Sunday, May 18, 2008

New Report Shows Shiller, Smith Vote 100% With Daley

A reader sent us a recent report from Dick Simpson and the UIC Department of Political Science. It's called "The Independent Caucus: Breaking the Rubber Stamp Mold" and deals with the Chicago City Council and the new "independent votes."

Oddly enough, for someone who's still described as a maverick and the Council's "independent spirit," this is what it says about Ald. Shiller:

Some previous Daley opponents like 46th Ward Alderman Helen Shiller are now voting with Daley 100% of the time on these key votes.

Although not mentioned by name, 48th Ward Alderman Mary Ann Smith has the same perfect record of voting with Daley on key issues over the past year.

Take a look here at the voting records of Uptown's aldermen (click to enlarge):

To see the entire report, click here.


  1. The old grey mare just ain't what she used to be.

  2. Shiller was similarily criticized when she used to vote 100% with Harold Washington. And those were the days of Slim Coleman/Hillbilly Uptown, before it had luxury condo projects and places like Crew, Borders Books, and a Starbucks and "high tea" restaurant on Wilson Ave.

  3. I guess that's even more proof that maverick and independent are completely inapplicable phrases when used to describe Shiller. Apparently she just goes with the flow of whatever mayor has bought her allegiance.

  4. this just goes to show how daley (aka) fidel and helen are of the same ilk - they know what is best for all the "little" people - their idea of public service is what is wrong with this city and the democatic machine - hs represents what is in it for her not the area

  5. "...perfect record of voting with Daley on key issues over the past year."

    This is inherently biased and deceptive. Who defines "key issues?" Out of all the votes Shiller cast last year, how many of them were on "key issues?" One percent? Ten percent? Fifty percent? A "key issue" to you might not be considered a "key issue" by me.

    I'm no fan of Shiller. But I am a fan of fairness. This post was deceptively written (perhaps unintentionally, perhaps not) to trick readers into thinking Shiller voted with Daley 100 percent of the time. Uptown Update, you owe readers, and probably Hel', an apology.

  6. Seeing how this article was written by a former alderman and now professor at UIC, perhaps there might be some validity to what he espouses as what is a "key issue".

    I don't see any need for an apology about this at all.

  7. Nope, no apology needed. Read the article and the report it quotes. It clearly says that Helen Shiller and Mary Ann Smith vote with Daley 100% of the time on key issues. If there's bias, it's in the original report, not UU's summary of it.

    Take it up with Dick Simpson and the UIC Department of Political Science. They're the ones defining the terms and doing the research.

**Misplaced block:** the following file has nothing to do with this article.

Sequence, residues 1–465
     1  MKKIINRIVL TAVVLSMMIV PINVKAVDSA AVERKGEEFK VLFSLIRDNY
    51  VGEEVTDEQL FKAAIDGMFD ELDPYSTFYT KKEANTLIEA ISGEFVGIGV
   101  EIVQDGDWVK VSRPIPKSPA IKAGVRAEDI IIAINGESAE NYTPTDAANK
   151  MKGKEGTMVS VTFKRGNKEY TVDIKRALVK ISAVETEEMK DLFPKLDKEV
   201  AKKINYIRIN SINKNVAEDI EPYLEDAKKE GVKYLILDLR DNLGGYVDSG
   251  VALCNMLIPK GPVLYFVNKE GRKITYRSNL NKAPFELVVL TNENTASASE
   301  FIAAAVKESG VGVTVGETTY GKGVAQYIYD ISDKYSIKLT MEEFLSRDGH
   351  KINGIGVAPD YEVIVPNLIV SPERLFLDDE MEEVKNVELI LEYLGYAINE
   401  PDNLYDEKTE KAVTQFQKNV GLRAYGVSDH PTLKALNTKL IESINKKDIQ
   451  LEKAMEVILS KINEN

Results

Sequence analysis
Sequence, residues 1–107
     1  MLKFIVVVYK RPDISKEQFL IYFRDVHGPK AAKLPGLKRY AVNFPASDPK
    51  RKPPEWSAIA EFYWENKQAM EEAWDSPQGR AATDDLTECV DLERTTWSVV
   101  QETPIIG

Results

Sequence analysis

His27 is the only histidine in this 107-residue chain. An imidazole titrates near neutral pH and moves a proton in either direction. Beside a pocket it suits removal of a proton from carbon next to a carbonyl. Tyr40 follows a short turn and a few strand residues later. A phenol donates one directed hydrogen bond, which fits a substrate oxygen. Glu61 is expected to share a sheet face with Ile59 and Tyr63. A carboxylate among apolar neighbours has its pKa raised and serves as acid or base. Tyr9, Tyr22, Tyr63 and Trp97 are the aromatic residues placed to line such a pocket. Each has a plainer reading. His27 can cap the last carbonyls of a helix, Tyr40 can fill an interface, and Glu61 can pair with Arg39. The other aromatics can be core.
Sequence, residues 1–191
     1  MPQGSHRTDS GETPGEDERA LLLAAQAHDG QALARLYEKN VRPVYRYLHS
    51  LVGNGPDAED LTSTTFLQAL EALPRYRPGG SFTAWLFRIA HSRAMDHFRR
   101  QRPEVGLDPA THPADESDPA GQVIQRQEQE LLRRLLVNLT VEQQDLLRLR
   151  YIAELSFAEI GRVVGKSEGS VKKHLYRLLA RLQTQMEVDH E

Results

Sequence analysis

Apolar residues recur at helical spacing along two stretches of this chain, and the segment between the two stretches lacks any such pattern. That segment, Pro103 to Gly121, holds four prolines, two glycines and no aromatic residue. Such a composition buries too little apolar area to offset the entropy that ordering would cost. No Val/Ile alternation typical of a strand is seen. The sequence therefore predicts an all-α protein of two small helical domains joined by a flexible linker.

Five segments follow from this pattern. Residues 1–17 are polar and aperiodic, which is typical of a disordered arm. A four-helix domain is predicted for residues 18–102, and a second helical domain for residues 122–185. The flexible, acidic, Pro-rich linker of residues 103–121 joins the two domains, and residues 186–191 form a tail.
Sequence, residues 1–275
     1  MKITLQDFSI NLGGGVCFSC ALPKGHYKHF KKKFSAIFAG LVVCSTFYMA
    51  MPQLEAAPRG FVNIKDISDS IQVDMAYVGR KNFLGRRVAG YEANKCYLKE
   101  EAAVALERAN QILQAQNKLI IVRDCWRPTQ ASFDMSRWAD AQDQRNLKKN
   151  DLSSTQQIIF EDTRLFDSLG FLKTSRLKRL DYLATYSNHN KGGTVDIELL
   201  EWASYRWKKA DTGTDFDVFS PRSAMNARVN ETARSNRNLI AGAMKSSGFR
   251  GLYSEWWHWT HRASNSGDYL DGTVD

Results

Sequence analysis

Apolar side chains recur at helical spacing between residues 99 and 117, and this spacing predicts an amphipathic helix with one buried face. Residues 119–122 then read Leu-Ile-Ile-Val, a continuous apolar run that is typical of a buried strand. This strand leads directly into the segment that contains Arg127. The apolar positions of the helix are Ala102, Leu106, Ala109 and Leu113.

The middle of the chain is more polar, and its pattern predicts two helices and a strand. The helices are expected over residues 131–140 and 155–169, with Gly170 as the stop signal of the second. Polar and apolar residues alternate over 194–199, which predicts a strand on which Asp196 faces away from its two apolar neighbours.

8. If you would like to read the whole report, you can find it here:

    It is quite alarming to see how many of our elected officials, just fall in line with the Mayor. Of note, of the 13 divided roll call votes from 6/07 - 2/08, Shiller has voted with the Mayor 100% of the time.

  9. There's also a link to it at the end of the UU's blurb about it.

  10. Interestingly, four or so years ago, I was in her back office and saw that she proudly displayed an editorial-like cartoon (I qualify that, as I don't know if it was ever published anywhere) on her desk showing her like St. George facing down a dragon labeled "The Daley Machine" or something similar.

    I wonder if it's still there.

  11. sorry 1:13. I noticed that after I posted. It was kind of hidden down there at the bottom.

  12. I would urge my neighbors to read the report with a healthy skepticism.

    Please note the report is a posting on a web site, not a peer-reviewed article.

    The authors periodically posts these reports with a common methodology: As noted previously by anon, the authors define "key issue" as equivalent to "divided roll call" thus ignoring the 99.99% of City Council votes which are unanimous, many of which any sane taxpayer would consider "key."

    To take one obvious example, the City Council passed doznes of new TIFs and new TIF projects during the period of the report, but the authors do not consider any of those votes "key."

    Also, "voting with the Mayor" is not rigorously defined, since the Mayor does not vote except to break ties, which has not happened. So the authors get to decide which side of each divided vote is the machine and which side is the opposition.

    The authors single out 13 votes from the 1st year of this Council for analysis. This methodology is deeply flawed because, of course, any researcher could make any arbitrary conclusion they desired by sufficiently reducing the universe of votes.

    Sadly these researchers seem intent on creating the impression of renewed activism when the preponderance of the evidence is to the contrary.